Plus, it ties back to the workout analogy.  You’re not going to lose 10 pounds with one intense workout, but if you put in an intense workout three days a week for a few months, you’ll see those ten pounds work out.  Same goes with extra payments, the effects seem minimal with each individual ‘financial workout’ but the effects can and will add up if you apply this principle regularly. Reading personal finance blogs such as this can help remind you.

And, I believe this can tie back to the afterburn effect?

Do you or have you exercised to the point where the afterburn effect was noticeable?  What other applications in the personal finance world can you apply this principle to?

20 thoughts on “The Afterburn Effect Applied To Personal Finance”

  1. I’ve definitely had the afterburn effect in my fitness life, but as far as financial life, I can certainly see where you are coming from. Especially on a mortgage; it’s such a huge sum of money!

    • True, the problem with the mortgage is that it’s such a huge sum that the effect is barely noticeable since it’s so spread out. But it does work if you really look at it.

  2. i like the analogy.. and have certainly experienced both.

    there is an afterburn effect as well to paying off your credit cards.. as you pay off a card, the afterburn effect is that you have a larger cash flow to apply towards your other debts (the afterburn snowball, if you will).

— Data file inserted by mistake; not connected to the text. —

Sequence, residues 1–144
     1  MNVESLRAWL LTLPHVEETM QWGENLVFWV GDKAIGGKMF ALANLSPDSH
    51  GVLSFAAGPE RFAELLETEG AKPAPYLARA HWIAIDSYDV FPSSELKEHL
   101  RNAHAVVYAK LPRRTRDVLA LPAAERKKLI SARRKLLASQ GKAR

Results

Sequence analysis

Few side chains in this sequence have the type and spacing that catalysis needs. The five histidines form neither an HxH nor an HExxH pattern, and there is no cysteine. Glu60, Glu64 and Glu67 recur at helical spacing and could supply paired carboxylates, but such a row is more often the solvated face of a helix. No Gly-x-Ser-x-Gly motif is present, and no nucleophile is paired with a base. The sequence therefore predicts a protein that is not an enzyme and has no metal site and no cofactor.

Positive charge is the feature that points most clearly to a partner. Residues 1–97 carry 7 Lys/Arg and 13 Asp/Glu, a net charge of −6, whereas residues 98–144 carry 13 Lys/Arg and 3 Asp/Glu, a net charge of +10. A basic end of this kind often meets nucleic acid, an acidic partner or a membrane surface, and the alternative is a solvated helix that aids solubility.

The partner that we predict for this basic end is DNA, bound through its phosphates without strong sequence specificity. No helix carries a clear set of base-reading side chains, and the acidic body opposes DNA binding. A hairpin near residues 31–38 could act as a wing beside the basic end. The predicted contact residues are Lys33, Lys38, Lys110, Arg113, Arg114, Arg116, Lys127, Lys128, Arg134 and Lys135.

3. Nice analogy, never thought about finances in those terms. I think a lot of the after burn effect for me is in taking one principle of personal finance and applying and integrating it into different areas of my financial life where possible, e.g. debt, spending, saving, investing, splurges, well-being, anything really. There’s a sort of compounding effect of understanding going on, which burns for much longer afterwards.

  4. Most people never consider the effect that buying something might have on their finances until it is already too late.

  5. I got excited when I saw a Seinfeld quote, then you completely threw me off with that analogy lol. perfect analogy by the way, the more you put extra into your house, the more it will burn off your balance far into the future. I am disappointed in myself, trying to think of which seinfeld episode that was, I could have sworn I have seen all of them at least 10 times per episode but I can’t think of that one.

    • True, as I mentioned earlier, the problem with it is that it’s so far ahead in the future (of the payments you knock off) that it is kind of hard to grasp. Long term vision is definitely required if you’re talking about the mortgage.

  6. Just by paying an extra installment there is so much difference 🙂 This shows that its always financially prudent to by a property whose monthly mortgage you can easily afford rather than stretching yourself to buy the costliest property you can buy.